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John R. Searle [146]John Rogers Searle [5]
  1. John R. Searle (1983). Intentionality: An Essay in the Philosophy of Mind. Cambridge University Press.
    John Searle's Speech Acts and Expression and Meaning developed a highly original and influential approach to the study of language. But behind both works lay the assumption that the philosophy of language is in the end a branch of the philosophy of the mind: speech acts are forms of human action and represent just one example of the mind's capacity to relate the human organism to the world. The present book is concerned with these biologically fundamental capacities, (...)
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  2. John R. Searle (1969). Speech Acts: An Essay in the Philosophy of Language. Cambridge University Press.
    Written in an outstandingly clear and lively style, it provokes its readers to rethink issues they may have regarded as long since settled.
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  3. John R. Searle (1992). The Rediscovery of the Mind. MIT Press.
    The title of The Rediscovery of the Mind suggests the question "When was the mind lost?" Since most people may not be aware that it ever was lost, we must also then ask "Who lost it?" It was lost, of course, only by philosophers, by certain philosophers. This passed unnoticed by society at large. The "rediscovery" is also likely to pass unnoticed. But has the mind been rediscovered by the same philosophers who "lost" it? Probably not. John Searle is an (...)
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  4.  87
    John R. Searle (2009). Making the Social World: The Structure of Human Civilization. Oxford University Press.
    The purpose of this book -- Intentionality -- Collective intentionality and the assignment of function -- Language as biological and social -- The general theory of institutions and institutional facts: -- Language and social reality -- Free will, rationality, and institutional facts -- Power : deontic, background, political, and other -- Human rights -- Concluding remarks : the ontological foundations of the social sciences.
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  5. John R. Searle (1980). Minds, Brains and Programs. Behavioral and Brain Sciences 3 (3):417-57.
    What psychological and philosophical significance should we attach to recent efforts at computer simulations of human cognitive capacities? In answering this question, I find it useful to distinguish what I will call "strong" AI from "weak" or "cautious" AI. According to weak AI, the principal value of the computer in the study of the mind is that it gives us a very powerful tool. For example, it enables us to formulate and test hypotheses in a more rigorous (...)
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  6.  4
    John R. Searle (1984). Minds, Brains and Science. Harvard University Press.
  7.  64
    John R. Searle (1990). Consciousness, Explanatory Inversion and Cognitive Science. Behavioral and Brain Sciences 13 (1):585-642.
    Cognitive science typically postulates unconscious mental phenomena, computational or otherwise, to explain cognitive capacities. The mental phenomena in question are supposed to be inaccessible in principle to consciousness. I try to show that this is a mistake, because all unconscious intentionality must be accessible in principle to consciousness; we have no notion of intrinsic intentionality except in terms of its accessibility to consciousness. I call this claim the The argument for it proceeds in six steps. The essential (...)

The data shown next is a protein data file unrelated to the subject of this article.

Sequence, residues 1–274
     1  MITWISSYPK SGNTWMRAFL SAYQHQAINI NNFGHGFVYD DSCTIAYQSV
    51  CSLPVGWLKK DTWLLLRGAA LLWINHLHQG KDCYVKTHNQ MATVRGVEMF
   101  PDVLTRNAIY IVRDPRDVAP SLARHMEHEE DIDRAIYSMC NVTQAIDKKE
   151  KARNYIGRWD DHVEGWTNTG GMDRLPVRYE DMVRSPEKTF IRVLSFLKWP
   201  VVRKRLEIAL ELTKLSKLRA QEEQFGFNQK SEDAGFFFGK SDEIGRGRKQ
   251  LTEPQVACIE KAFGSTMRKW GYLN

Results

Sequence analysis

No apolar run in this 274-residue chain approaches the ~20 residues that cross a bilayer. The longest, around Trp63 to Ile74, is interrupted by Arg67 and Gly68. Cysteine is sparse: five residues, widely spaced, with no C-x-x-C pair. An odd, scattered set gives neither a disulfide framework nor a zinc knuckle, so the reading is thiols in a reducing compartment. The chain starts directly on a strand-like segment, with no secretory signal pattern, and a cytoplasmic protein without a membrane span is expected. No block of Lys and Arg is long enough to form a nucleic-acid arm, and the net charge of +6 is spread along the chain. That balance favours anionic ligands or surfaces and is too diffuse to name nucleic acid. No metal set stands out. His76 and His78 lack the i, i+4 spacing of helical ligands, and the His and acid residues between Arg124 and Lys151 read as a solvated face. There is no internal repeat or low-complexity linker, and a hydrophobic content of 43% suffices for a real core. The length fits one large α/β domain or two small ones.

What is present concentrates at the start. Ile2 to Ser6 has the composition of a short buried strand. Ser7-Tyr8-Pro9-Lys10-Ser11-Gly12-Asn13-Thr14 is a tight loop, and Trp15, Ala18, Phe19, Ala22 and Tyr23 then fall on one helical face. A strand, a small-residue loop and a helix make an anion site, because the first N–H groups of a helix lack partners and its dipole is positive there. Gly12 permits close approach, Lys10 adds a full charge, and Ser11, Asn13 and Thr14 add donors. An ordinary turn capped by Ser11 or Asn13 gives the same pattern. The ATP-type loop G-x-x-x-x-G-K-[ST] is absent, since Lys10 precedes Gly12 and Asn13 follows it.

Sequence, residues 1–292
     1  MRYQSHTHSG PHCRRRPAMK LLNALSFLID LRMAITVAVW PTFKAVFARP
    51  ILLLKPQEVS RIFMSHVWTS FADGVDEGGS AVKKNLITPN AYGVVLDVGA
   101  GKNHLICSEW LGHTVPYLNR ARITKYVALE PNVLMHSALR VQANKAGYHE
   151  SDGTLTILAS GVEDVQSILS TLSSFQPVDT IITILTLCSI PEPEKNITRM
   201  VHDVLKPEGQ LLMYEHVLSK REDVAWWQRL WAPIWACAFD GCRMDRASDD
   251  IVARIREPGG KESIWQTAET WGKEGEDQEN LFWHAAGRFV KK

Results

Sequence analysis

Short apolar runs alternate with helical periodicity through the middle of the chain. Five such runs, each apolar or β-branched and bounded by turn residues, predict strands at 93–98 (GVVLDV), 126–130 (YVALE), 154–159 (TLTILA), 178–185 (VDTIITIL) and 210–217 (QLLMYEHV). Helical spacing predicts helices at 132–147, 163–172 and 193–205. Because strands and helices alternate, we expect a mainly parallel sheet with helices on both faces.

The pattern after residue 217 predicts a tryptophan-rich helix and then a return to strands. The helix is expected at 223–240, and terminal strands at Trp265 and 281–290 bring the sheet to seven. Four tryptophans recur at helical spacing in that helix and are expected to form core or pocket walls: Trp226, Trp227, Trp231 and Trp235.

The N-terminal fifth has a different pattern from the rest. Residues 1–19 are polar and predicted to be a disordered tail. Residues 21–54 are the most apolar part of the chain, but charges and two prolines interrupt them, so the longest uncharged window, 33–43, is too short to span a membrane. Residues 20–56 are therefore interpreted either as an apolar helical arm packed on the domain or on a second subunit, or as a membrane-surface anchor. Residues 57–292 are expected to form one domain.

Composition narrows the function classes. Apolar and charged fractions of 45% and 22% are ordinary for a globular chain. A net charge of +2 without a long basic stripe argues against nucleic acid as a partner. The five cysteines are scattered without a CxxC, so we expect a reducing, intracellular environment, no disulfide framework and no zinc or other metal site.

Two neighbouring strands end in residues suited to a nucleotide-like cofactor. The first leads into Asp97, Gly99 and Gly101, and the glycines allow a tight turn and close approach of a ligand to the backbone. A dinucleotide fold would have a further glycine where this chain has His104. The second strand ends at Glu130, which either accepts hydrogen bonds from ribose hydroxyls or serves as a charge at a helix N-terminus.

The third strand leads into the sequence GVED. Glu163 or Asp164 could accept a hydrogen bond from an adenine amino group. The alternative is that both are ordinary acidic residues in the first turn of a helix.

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  8. John R. Searle (2003). Rationality in Action. MIT Press.
    The study of rationality and practical reason, or rationality in action, has been central to Western intellectual culture. In this invigorating book, John Searle lays out six claims of what he calls the Classical Model of rationality and shows why they are false. He then presents an alternative theory of the role of rationality in thought and action. -/- A central point of Searle's theory is that only irrational actions are directly caused by beliefs and desires—for example, the actions of (...)
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  9. John R. Searle, Barry Smith, Leo Zaibert & Josef Moural (2001). Rationality in Action: A Symposium. Philosophical Explorations 4 (2):66 – 94.
    John Searle's forthcoming book 'Rationality in Action' presents a sophisticated and innovative account of the rationality of action. In the book Searle argues against what he calls the classical model of rationality. In the debate that follows Barry Smith challenges some implications of Searle's account. In particular, Smith suggests that Searle's distinction between observer-relative and observer-independent facts of the world is ill suited to accommodate moral concepts. Leo Zaibert takes on Searle's notion of the gap. The gap exists between the (...)
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  10. John R. Searle (2004). Mind: A Brief Introduction. Oxford University Press.
    "The philosophy of mind is unique among contemporary philosophical subjects," writes John Searle, "in that all of the most famous and influential theories are false." In Mind, Searle dismantles these famous and influential theories as he presents a vividly written, comprehensive introduction to the mind. Here readers will find one of the world's most eminent thinkers shedding light on the central concern of modern philosophy. Searle begins with a look at the twelve problems of philosophy of mind--which he calls "Descartes (...)
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  11. John R. Searle, What is an Institution?